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What lessons does Emergency Rental Assistance hold for future programs?

Panelist Stephanie Meyer of the Pa. Department of Human Services, right, speaks about Emergency Rental Assistance as Katharine Nelson of the Housing Initiative at Penn listens during the Homes Within Reach conference at Hershey Lodge on Thursday, Dec. 8, 2022. (Photo: Tim Stuhldreher)

(Editor’s note: This article is part of One United Lancaster’s coverage of the Housing Alliance of Pa.’s 2022 Homes Within Reach conference.)

Researchers are only beginning to understand the impact of the Emergency Rental Assistance Program, and the implications for program design going forward, Katharine Nelson told her audience at the Housing Alliance of Pennsylvania’s Homes Within Reach conference.

Nelson is director of research at the Housing Initiative at Penn, a think tank at the University of Pennsylvania. She joined fellow panelists Stephanie Meyer, special advisor in the Pa. Department of Human Services, or DHS; and Tiffany Taulton, director of outreach at the Hazelwood Initiative, to discuss ERAP and its implications for housing policy going forward.

Nationwide, ERAP disbursed almost $50 billion to help families who suffered economic impacts from the coronavirus pandemic pay their rent and utility bills.
Housing advocates hoped it would be a lifeline for low-income, marginalized and vulnerable households, including racial and ethnic minorities. The Housing Initiative’s preliminary research shows that it did indeed serve those demographics, Nelson said, and that ERAP recipients were far less likely than comparable non-recipients to be in arrears or be evicted.

While ERAP was intended as a temporary fix, researchers are curious to know if it might have led to long-term benefits, such as enhanced credit scores for recipients, better earnings or higher educational attainment. Studies now under way are expected to shed light on that, Nelson said.

Pennsylvania was one of four states that decentralized their ERAP administration, handing responsibility to county governments, Meyer said. (The others were Maryland, Ohio and Washington.)

Tiffany Taulton

That was a good decision, said Taulton. Her nonprofit serves one of the poorest communities in Pittsburgh and she herself was out on the front lines helping families sign up for ERAP and submit their paperwork. Decentralizing ERAP, Taulton said, meant that organizations like hers had direct access to county officials with authority over program details, so they could collaborate and to get problems resolved and questions answered relatively quickly.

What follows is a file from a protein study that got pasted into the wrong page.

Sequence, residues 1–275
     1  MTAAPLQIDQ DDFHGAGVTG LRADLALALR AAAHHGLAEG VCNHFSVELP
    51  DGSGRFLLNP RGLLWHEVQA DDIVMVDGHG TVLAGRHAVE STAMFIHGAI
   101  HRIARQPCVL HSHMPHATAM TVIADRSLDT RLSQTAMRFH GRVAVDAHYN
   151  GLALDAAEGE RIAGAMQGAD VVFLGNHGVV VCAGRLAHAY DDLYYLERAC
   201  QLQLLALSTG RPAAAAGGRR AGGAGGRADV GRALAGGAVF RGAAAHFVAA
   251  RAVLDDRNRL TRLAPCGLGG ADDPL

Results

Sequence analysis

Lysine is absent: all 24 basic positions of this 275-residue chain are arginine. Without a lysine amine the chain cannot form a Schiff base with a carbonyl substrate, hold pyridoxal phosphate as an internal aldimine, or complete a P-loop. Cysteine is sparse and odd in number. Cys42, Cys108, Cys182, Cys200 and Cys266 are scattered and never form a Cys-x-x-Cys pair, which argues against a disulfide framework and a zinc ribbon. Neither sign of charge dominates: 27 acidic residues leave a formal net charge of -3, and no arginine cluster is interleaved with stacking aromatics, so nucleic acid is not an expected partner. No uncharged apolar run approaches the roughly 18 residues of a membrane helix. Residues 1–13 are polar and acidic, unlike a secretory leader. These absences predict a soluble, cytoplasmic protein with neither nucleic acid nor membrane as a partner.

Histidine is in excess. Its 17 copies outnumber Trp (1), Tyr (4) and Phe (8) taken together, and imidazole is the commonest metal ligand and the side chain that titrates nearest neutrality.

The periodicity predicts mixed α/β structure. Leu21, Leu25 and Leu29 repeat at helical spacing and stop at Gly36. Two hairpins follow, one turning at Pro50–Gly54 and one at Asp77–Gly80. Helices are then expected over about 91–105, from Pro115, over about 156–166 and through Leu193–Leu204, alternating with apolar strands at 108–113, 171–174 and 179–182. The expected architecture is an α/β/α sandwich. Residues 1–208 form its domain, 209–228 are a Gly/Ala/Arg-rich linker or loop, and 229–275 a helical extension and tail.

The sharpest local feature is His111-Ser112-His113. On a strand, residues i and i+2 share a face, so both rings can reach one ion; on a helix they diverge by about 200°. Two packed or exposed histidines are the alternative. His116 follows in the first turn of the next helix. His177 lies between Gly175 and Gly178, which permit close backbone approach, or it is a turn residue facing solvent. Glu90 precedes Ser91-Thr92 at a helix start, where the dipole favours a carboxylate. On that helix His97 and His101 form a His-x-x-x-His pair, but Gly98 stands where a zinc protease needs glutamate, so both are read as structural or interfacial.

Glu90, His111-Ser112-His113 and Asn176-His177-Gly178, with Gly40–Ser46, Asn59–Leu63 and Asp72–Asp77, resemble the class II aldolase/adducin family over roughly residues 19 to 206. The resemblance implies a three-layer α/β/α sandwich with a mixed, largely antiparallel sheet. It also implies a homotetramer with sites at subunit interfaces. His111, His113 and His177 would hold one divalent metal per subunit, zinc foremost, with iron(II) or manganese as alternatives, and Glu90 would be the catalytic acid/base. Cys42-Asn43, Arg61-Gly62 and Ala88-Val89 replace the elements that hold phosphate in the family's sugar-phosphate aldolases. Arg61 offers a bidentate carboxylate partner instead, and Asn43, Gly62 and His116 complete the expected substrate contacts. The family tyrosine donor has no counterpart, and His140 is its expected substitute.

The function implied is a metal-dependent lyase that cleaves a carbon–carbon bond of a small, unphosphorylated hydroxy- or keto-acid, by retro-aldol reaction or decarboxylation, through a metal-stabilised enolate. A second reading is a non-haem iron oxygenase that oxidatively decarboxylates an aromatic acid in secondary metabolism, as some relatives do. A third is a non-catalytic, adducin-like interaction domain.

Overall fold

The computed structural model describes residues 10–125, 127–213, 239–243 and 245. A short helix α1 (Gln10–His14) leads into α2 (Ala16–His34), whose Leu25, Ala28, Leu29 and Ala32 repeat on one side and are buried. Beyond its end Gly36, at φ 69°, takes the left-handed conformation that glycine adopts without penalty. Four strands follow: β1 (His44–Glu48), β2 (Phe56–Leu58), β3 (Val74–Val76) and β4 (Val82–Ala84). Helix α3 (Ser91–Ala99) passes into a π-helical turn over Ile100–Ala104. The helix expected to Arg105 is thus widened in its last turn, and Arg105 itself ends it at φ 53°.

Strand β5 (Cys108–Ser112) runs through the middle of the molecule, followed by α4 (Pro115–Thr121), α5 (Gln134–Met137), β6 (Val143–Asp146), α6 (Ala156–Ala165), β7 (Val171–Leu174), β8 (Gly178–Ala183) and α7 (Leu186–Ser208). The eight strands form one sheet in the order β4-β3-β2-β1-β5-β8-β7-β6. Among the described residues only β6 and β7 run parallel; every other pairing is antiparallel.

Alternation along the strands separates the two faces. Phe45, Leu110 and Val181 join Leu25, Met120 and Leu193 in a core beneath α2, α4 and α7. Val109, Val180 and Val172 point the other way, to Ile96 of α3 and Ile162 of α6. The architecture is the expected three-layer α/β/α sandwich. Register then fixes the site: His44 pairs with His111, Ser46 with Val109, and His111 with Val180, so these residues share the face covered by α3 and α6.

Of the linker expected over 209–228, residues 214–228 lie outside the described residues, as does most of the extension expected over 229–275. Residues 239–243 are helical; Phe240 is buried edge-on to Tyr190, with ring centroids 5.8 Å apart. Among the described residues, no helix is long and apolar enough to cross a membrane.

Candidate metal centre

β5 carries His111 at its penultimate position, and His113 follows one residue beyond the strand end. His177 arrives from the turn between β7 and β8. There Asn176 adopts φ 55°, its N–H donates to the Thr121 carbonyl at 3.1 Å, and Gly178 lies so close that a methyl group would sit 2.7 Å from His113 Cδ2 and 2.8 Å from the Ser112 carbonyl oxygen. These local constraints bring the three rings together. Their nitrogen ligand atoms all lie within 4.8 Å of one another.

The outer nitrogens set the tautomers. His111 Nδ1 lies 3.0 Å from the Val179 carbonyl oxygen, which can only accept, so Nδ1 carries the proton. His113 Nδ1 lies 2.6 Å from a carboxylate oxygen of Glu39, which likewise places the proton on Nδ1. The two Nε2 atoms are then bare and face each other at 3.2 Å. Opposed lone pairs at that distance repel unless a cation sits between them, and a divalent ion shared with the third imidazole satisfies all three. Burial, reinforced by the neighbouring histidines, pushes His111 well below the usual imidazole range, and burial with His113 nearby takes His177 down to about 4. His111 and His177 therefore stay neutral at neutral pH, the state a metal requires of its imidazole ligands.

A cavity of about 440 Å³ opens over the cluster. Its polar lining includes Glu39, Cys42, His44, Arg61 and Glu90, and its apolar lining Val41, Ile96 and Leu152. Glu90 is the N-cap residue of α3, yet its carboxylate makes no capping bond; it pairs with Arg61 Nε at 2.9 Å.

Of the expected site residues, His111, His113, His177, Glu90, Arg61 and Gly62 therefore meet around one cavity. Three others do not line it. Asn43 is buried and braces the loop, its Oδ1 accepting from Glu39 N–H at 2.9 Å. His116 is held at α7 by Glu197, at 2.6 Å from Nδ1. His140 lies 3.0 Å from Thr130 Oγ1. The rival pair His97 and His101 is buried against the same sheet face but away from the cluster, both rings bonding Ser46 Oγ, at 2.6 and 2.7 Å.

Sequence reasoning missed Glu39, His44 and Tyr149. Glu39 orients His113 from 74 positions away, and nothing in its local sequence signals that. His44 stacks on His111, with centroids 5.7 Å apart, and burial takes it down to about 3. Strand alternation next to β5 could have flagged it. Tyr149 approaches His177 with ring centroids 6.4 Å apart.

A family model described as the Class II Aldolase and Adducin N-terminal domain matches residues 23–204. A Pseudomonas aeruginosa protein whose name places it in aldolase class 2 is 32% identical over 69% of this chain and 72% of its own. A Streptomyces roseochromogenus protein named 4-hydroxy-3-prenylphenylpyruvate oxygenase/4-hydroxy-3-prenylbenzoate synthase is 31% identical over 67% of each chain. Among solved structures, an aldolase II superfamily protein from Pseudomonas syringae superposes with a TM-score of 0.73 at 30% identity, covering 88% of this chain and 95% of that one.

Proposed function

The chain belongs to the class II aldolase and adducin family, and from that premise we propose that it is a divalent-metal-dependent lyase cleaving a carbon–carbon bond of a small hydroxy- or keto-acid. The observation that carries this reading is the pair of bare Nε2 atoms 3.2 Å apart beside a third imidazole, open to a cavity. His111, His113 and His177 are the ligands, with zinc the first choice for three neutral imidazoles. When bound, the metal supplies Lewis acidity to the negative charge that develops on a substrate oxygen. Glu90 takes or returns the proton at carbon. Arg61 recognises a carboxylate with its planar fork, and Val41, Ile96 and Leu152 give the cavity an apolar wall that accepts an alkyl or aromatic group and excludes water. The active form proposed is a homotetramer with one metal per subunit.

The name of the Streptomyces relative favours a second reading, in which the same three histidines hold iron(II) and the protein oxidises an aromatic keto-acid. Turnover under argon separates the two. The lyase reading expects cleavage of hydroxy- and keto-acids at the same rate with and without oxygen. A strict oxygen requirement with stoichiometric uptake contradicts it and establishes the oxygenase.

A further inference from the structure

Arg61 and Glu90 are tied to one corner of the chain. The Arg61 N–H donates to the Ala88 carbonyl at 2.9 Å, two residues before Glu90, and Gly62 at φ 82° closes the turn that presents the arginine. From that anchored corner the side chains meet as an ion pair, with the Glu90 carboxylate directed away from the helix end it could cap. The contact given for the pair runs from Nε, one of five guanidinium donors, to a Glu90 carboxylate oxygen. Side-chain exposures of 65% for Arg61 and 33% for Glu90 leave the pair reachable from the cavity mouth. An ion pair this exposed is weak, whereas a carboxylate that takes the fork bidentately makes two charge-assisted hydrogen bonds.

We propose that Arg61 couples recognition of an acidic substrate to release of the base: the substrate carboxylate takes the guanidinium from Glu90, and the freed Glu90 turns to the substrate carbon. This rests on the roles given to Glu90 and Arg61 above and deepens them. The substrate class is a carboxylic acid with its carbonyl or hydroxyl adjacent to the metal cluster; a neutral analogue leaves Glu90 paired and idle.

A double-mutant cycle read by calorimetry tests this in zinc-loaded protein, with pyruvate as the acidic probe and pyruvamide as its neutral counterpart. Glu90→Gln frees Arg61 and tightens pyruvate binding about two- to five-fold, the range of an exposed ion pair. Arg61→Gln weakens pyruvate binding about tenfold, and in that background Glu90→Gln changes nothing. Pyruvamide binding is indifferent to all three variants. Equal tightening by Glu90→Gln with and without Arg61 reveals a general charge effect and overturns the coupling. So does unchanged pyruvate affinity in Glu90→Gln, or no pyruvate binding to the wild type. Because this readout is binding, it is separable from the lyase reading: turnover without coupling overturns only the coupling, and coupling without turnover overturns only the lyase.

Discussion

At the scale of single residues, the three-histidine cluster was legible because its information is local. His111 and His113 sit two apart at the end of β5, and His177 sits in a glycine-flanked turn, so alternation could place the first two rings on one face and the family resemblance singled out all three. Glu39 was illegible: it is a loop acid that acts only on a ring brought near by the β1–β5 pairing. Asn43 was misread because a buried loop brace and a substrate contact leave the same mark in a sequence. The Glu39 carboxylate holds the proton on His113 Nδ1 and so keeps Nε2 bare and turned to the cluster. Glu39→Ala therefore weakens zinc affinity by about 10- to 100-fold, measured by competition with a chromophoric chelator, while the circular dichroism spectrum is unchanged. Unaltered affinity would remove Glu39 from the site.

ERAP was relatively flexible compared to other federal benefit programs, and that made a huge difference, Taulton and Meyer said. For example, DHS could use enrollment in the Supplemental Nutrition Assistance Program as proof of elibility, cutting down on redundant paperwork.

Taulton said it was helpful that ERAP payments could go either to the landlord or the tenant. If the tenant was unreliable, the landlord could still get paid; if landlords refused to deal with Hazelwood Initiative in hopes of using the pandemic to evict tenants and bring in higher-paying households, the option of paying the tenant served as an effective bargaining chip.

She said she was amazed at how many landlords and tenants didn’t have written leases or who conducted rent transactions in cash and didn’t keep records.

In Lancaster County, more than a dozen nonprofits provided ERAP application assistance and intake services in partnership with the county redevelopment authority, which is running the program.

Before the pandemic, the nonprofits had worked together as the Eviction Prevention Network. With ERAP, the authority was able to build on the groundwork they laid, Executive Director Justin Eby said. He agreed with Taulton that counties benefited from Pennsylvania’s decentralized approach to ERAP and were better able to serve their residents’ needs.

Through this fall, the authority had approved nearly 4,900 applications and paid out more than $46 million in aid. It stopped accepting applications in July and is currently in the process of gradually winding down the program for existing clients.

Nonprofits were key to ERAP’s success, the panelists agreed: For low-income and marginalized communities, programs like ERAP are complicated and intimidating. Nonprofits built trust, walked clients through the process, and mediated between landlords and tenants.

It was a steep learning curve, Taulton said. The upside is that counties now have a bench of knowledgeable well-trained staff; it’s important to have sustainable funding so that isn’t lost, she said.

What ERAP did not do, all three panelists agreed, was change the fundamentals of America’s affordable housing crisis. The pandemic showed the general public “how frail housing stability is,” Meyer said.

Housing advocates hope the result will be a new focus on affordable housing and the bolstering of eviction prevention efforts.